ROANOKE, VA.- The Taubman Museum of Art
announced that its new fall exhibitions, Jane Hammond: Fallen and Jae Ko: Paper, open to the public yesterday.
Jane Hammond: Fallen
September 24, 2010 January 9, 2011
Fallen is a large scale contemporary war memorial that recognizes the American troops killed in the Iraq war and occupation. Hammond honors each solider killed by inscribing their name on an individual and unique photograph of a leaf. Hammond worked meticulously to perfect the shape, color, thickness, and three-dimensionality of each photograph. Those leaves are then installed on a low pedestal as part of her ongoing installation.
Hammond received her inspiration from a dream in 2004, one year after the initial invasion, and the work premiered in 2005 with 1,511 leaves. Hammond has since continued to add to the work of art, creating leaves for every additional solider that dies. Fallen will open at the Taubman with more then 4,200 leaves installed by the artist on a pedestal approximately 30 feet long. Six years after beginning the installation, Hammond is committed to continuing the work until the war is over.
Hammond is a prominent contemporary American artist whose works have been exhibited worldwide and can be found in numerous museum collections, including the Museum of Modern Art, New York; National Gallery of Art, Washington, D.C.; Walker Art Center, Minneapolis; and Albertina, Vienna, as well as in private collections. Hammond has received a Joan Mitchell Foundation Grant Award, a Louis Comfort Tiffany Award, a National Endowment for the Arts Individual Fellowship, and a New York Foundation for the Arts Grant. She received her MFA from the University of Wisconsin, Madison and her BA from Mount Holyoke College.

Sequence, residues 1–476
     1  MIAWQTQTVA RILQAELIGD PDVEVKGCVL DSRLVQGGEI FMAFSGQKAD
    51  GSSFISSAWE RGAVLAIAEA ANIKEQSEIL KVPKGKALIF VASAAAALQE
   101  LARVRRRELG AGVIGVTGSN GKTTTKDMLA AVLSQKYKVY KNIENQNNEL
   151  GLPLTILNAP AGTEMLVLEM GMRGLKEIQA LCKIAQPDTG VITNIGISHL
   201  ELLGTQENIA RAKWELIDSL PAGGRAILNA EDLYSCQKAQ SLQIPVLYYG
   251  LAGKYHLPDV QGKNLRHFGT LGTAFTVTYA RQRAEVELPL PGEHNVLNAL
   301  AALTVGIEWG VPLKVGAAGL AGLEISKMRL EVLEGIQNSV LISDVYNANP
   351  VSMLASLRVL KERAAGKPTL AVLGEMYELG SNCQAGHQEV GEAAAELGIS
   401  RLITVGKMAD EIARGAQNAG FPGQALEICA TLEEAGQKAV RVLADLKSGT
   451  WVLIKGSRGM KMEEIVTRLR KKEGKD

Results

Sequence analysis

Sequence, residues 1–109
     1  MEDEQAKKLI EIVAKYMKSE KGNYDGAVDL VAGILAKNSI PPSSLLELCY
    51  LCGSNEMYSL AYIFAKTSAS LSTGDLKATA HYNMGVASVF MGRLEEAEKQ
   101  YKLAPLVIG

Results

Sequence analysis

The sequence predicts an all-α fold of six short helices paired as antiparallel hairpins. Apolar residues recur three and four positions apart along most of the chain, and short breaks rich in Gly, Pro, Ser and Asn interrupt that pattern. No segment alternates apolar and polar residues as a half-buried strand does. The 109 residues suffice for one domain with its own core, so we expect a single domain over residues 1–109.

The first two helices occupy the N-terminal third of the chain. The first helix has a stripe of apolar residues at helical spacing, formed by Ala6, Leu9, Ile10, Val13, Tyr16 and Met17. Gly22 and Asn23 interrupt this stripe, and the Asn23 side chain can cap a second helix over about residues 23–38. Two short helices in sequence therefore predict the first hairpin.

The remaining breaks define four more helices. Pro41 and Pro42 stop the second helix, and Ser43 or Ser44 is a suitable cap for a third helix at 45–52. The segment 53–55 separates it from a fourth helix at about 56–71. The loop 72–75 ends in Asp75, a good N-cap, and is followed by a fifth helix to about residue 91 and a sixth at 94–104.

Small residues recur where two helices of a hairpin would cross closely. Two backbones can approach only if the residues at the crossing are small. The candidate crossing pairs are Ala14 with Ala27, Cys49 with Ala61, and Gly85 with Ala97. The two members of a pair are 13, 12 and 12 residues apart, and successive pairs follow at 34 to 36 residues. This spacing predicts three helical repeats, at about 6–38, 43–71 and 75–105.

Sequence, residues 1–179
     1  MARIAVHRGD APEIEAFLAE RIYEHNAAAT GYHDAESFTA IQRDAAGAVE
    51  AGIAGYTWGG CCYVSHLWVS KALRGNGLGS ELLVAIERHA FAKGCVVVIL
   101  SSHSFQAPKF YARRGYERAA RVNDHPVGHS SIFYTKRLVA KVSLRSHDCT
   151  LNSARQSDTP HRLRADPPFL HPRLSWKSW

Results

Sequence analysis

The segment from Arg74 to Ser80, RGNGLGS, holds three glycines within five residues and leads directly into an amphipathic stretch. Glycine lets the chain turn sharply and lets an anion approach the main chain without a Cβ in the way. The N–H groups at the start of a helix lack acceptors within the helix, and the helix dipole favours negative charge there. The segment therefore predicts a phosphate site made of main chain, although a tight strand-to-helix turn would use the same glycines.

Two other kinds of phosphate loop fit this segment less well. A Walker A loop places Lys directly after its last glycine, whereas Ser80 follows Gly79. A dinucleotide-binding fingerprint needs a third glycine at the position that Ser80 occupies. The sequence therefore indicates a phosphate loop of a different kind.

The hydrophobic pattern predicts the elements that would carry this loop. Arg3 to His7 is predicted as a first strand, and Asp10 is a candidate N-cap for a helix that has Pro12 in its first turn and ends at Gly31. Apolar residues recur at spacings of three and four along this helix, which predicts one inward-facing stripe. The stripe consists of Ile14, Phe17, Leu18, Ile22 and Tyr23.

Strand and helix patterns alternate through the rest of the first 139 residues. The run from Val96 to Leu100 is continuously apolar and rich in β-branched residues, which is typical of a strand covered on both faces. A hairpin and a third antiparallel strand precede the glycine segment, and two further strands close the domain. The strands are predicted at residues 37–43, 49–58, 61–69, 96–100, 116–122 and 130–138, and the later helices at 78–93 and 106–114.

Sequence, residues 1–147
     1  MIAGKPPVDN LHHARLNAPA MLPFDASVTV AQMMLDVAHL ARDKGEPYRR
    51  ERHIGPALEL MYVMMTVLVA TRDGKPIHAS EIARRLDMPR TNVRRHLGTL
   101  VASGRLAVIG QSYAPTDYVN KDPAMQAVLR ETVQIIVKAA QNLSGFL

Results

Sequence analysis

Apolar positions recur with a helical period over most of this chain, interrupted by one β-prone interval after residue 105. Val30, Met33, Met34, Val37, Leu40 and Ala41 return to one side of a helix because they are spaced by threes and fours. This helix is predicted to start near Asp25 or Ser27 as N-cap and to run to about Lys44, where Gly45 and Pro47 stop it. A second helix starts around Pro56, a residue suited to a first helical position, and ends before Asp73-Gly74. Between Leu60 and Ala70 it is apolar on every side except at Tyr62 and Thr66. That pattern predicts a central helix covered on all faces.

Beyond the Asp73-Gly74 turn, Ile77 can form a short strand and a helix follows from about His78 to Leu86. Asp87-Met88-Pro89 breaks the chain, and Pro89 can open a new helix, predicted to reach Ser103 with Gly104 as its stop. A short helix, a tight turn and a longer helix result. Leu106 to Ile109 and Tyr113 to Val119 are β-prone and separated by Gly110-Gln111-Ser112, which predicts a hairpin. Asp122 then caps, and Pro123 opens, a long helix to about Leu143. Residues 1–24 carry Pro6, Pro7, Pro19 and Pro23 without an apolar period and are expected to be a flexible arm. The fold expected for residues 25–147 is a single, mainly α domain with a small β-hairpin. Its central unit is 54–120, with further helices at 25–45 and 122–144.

Jane Hammond: Fallen was organized by the Whitney Museum of American Art, New York.
Jae Ko: Paper
September 24 - January 16, 2011
Ko uses rolled paper soaked over time in water containing sumi ink or natural dyes to form spare, fluid-like sculptural objects that take on the appearance of three-dimensional man-made and mechanical movements, evoking a type of fluidity captured in time, closely resembling calligraphy, other forms of writing or lyrical movement. Defying any narrative, they allow for open interpretation and are intended to act as resting spots for our thoughts and feelings.
While it is easy to associate Kos use of paper with her Asian heritage, Ko describes the connection as more practical and mundane: It is familiar to everybody, and not very special, yet making something 3D out of it that is something different. I didnt want to make something on paper; I wanted to make something with it. She looks forward to what may occur every time she lifts a 50-pound whorl of paper and immerses it in an inky bath.
For over 25 years, Jae Ko has been exploring the properties of paper. She has exhibited across the United States and Europe, with more than 60 solo and group exhibitions over her career, including a 10-year retrospective at the American University Museum, Washington, D.C., and shows in the Netherlands, Germany and Japan. Kos works are in a number of key permanent collections, such as those of the Hirshhorn Museum and Sculpture Garden and the Corcoran Gallery of Art. She has received grants from the Pollock-Krasner Foundation and the Virginia Commission for the Arts, and she received her BFA from the Maryland Institute College of Art, Baltimore and her BFA from Wako University, Tokyo.